Miracleman #3: The Review Thickens

After the incredibly conflicting experience of reading Marvel’s Miracleman #2, this third issue [...]

Miracleman #3

After the incredibly conflicting experience of reading Marvel's Miracleman #2, this third issue was something of a breath of fresh air. With the exception of what amounts to a backup feature entitled "Cold War. Cold Warrior," featuring the Warpsmiths, this book holds up extremely well and improves on a number of what might be considered flaws with the previous issue. Still providing action and mystery, the pacing is much improved (i.e., slowed) allowing for character development and some narrative breathing room. Also, writer Alan Moore's prose, while still excessive, is at least toned down. Just to be safe, I'm declaring SPOILERS right here.

Miracleman #3 Deodato Varian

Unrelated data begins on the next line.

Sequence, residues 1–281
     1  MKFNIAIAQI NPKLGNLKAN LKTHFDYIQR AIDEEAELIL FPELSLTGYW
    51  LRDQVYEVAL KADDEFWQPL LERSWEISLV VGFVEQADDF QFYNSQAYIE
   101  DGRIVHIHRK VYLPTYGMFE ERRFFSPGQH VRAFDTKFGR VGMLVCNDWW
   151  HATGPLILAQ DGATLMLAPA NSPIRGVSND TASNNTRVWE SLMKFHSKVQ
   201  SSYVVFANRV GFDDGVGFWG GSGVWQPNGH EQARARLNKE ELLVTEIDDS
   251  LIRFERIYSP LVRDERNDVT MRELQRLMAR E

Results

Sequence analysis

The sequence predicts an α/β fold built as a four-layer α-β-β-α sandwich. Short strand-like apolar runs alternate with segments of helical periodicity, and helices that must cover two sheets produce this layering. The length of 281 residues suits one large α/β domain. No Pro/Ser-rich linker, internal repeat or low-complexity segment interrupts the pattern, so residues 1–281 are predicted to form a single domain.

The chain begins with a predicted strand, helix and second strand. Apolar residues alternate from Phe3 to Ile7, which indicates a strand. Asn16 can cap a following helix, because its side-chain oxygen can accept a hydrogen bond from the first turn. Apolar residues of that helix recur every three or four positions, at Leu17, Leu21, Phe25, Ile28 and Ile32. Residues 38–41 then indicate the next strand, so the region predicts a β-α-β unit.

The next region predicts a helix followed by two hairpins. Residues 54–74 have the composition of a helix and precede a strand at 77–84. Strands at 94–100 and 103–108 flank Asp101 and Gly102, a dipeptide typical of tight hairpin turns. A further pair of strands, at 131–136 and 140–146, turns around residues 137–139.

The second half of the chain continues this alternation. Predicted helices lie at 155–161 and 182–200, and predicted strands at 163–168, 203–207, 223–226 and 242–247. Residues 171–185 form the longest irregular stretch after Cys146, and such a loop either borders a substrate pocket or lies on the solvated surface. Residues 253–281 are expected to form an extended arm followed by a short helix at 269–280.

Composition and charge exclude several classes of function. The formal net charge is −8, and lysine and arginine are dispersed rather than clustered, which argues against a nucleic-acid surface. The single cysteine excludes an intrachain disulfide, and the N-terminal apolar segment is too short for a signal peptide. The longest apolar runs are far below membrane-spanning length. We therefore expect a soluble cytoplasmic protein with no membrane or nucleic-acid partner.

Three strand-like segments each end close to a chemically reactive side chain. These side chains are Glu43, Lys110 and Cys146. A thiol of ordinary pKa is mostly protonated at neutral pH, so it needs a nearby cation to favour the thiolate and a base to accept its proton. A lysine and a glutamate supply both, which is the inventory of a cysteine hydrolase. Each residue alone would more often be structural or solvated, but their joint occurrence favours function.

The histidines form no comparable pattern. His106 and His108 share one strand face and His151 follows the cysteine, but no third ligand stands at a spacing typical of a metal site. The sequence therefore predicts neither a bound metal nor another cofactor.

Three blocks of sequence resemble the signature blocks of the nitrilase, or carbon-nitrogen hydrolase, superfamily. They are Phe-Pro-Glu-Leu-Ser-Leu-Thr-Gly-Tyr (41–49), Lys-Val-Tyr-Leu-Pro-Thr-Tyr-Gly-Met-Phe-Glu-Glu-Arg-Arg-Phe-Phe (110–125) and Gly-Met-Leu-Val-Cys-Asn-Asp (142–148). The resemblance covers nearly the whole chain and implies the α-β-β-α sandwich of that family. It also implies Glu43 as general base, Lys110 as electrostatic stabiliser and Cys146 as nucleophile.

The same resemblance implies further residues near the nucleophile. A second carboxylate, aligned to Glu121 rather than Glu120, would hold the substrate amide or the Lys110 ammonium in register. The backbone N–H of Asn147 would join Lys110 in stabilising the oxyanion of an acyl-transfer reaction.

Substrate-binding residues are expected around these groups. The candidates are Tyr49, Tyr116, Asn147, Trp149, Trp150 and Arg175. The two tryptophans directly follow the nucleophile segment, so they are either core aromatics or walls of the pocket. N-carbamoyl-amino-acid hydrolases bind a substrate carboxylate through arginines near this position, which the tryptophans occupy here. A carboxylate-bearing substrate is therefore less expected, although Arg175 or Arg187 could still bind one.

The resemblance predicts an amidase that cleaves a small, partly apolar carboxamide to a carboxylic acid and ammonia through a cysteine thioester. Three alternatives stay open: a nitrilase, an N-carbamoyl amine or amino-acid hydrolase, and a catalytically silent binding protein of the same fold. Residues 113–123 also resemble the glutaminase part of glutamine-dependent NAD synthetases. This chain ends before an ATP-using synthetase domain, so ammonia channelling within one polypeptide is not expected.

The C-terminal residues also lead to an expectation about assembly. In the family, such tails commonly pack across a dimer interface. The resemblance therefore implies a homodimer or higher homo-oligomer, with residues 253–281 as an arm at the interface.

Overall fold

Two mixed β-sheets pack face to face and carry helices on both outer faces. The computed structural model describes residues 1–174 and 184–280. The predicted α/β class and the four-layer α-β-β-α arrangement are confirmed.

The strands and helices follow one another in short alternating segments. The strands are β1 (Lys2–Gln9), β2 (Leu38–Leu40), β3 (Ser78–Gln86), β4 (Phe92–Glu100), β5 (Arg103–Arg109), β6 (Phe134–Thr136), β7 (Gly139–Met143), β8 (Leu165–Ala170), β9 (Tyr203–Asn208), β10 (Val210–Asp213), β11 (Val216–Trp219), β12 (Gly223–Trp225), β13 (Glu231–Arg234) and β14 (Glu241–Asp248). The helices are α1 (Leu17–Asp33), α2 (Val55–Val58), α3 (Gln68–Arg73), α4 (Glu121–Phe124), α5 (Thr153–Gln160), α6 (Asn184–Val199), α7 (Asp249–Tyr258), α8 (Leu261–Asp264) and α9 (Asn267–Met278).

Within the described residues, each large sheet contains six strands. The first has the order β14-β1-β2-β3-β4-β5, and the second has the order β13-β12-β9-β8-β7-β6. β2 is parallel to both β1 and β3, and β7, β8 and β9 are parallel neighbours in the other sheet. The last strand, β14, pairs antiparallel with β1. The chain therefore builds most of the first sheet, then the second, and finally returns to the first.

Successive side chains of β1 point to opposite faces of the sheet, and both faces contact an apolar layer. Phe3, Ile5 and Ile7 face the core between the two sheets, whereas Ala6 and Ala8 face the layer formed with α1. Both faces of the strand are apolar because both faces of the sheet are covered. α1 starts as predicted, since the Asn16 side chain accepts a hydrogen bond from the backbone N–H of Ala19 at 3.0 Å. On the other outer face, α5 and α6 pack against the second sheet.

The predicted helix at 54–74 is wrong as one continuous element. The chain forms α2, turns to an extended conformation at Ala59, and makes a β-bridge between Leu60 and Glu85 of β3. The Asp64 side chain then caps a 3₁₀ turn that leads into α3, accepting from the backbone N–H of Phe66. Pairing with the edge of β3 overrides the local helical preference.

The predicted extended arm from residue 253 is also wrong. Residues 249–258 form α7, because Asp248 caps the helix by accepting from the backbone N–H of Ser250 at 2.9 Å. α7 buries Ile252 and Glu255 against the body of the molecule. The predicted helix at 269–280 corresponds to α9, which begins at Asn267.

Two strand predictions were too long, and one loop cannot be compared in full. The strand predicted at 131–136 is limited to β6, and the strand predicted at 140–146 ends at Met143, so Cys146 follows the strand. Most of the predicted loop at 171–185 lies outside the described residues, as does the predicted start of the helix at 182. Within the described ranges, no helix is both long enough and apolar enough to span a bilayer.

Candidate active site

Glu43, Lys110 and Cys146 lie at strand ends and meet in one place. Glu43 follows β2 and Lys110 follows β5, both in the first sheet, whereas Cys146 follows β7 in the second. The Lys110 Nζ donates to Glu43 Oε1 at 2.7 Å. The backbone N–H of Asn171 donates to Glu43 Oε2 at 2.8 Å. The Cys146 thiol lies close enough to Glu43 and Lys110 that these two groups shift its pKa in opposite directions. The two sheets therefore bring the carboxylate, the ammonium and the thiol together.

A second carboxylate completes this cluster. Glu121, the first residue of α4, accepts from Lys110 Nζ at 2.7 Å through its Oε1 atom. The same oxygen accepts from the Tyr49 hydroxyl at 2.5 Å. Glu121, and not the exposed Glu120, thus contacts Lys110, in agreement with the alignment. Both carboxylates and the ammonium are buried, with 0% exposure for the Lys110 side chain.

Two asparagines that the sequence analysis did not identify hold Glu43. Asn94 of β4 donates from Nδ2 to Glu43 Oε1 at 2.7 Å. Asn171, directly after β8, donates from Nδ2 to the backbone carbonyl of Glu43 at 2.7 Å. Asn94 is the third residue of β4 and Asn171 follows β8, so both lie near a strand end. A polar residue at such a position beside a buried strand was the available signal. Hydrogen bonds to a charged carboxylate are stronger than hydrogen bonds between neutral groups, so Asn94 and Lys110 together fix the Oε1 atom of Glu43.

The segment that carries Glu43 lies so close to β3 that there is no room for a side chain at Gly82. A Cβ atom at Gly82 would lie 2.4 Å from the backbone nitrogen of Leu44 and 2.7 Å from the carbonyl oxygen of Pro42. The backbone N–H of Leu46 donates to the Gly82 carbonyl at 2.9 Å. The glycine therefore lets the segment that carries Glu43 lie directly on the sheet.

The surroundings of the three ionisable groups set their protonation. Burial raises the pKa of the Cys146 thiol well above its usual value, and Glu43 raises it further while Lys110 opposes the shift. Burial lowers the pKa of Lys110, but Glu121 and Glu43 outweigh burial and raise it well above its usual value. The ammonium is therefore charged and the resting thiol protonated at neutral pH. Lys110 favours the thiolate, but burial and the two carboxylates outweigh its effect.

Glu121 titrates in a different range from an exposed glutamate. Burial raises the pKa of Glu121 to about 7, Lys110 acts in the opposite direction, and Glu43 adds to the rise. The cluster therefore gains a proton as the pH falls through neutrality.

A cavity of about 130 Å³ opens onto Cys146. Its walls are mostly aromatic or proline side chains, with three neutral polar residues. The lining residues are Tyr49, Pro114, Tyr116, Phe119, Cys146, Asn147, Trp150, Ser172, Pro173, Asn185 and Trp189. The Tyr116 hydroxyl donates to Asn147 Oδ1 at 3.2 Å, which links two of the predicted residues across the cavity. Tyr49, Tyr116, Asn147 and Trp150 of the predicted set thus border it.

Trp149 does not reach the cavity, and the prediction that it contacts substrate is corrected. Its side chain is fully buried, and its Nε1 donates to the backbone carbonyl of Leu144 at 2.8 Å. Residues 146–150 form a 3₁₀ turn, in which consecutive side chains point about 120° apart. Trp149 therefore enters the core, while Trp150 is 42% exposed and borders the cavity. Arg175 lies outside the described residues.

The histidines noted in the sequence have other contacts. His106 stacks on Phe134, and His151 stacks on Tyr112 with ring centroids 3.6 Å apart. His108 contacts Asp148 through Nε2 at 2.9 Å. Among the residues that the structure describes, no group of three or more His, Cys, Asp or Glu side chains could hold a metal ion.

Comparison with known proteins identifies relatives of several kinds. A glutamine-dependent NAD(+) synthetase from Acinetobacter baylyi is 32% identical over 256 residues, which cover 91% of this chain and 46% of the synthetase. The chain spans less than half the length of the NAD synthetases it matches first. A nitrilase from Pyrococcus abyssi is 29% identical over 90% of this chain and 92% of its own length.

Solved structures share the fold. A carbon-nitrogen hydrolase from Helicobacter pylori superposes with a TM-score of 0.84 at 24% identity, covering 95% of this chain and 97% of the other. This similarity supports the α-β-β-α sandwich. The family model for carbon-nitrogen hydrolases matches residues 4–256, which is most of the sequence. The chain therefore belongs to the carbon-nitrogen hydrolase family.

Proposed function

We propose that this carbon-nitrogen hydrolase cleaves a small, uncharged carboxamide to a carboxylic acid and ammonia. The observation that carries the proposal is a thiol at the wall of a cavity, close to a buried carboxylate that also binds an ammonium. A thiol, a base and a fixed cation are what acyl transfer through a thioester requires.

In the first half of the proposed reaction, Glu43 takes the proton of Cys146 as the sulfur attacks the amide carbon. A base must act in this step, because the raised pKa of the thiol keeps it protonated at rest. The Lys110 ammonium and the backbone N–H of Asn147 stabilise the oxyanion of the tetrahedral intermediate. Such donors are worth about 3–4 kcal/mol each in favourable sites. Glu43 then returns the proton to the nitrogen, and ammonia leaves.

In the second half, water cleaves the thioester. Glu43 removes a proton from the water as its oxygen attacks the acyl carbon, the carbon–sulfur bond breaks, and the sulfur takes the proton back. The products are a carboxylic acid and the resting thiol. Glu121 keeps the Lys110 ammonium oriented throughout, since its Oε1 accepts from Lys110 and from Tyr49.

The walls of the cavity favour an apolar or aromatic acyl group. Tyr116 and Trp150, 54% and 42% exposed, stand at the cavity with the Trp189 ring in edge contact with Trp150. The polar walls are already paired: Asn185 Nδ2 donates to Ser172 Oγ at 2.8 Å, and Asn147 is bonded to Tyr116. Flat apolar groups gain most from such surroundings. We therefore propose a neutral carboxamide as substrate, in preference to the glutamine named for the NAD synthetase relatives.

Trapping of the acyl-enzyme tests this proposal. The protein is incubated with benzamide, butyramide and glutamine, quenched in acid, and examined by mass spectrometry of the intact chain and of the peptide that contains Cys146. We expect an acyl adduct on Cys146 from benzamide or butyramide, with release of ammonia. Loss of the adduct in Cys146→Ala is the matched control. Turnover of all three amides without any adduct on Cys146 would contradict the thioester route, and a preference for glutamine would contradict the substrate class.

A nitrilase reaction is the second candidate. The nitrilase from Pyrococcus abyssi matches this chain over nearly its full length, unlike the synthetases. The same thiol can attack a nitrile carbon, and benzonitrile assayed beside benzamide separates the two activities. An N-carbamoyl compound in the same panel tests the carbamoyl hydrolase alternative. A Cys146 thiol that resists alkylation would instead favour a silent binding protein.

Before jumping into the book proper though, there are a couple of questions on my mind that have bothered me as I continue to read more of this series and I would like to share them with you. At the end of issue one, a character shrouded in shadow reads the rumors about a flying figure emerging from the Larksmere Power Station who the readers know to have been Miracleman, Michael Moran. This figure is apparently aware of Miracleman and takes these rumors to be proof of his continued existence. The implication in issues two and three seems to be that this figure was Kid Miracleman, Johnny Bates, who then exclaimed that Miracleman would "ruin everything" and smashed a desk in anger. Reading issues two and three, I question whether the reaction depicted in issue one reflects accurate characterization assuming that the figure was indeed intended to be Bates. Given the near-sexual pleasure that Bates seems to take in attempting to pummel Miracleman to death, it is questionable to me that he would take Miracleman's reappearance to be a negative event. Rather than anger expressed in frustration, I would sooner expect him to take out a wall with a, if you will pardon the crude expression, super-powered rage stiffy. The other question that has been gnawing at me deals with the name given to what created Miracleman and the Miracleman Family. Hinted at during the Prologue presented in issue one, the third issue reveals that the Miracleman Family was created by a secret British government program called "Project Zarathustra." Obviously, this is a reference to the philosophical text Thus Spoke Zarathustra by Friedrich Nietzsche, the work in which he lays out his theory of the "Übermensch" or "Superman." At this point in the Miracleman story, it appears to be nothing more than a superficial reference justified by the presence of "super men" in the narrative and given the appearance of greater intellectual heft by association with what is considered by many to be a major work of philosophy. Regardless of the validity of the reference and the depth of meaning which it possesses, I question its use in the context of the narrative. Bear in mind that Project Zarathustra is supposed to have been a British program taking place in 1953, a time not far removed from the events of World War II. Also recall the terrible toll that the war took on the UK, including but not limited to the deaths of numerous servicemen and the impact upon the civilian population of the Blitz. Personally, I find it inconceivable that a program created by the British to benefit British defense would have been named after a work written by a major German philosopher, particularly one whose name has been associated with German militarism and Nazism. I also contend that it would not have recommended him to the British that he spent his last years in a state of mental illness. It appears that Moore may have sacrificed historical likelihood for the sake of making a clever reference. Obviously, this does not seriously undermine the narrative but it is head-scratching when there are neutral or British references that could have been used, perhaps King Arthur or Saint George, England's patron saint and legendary slayer of dragons.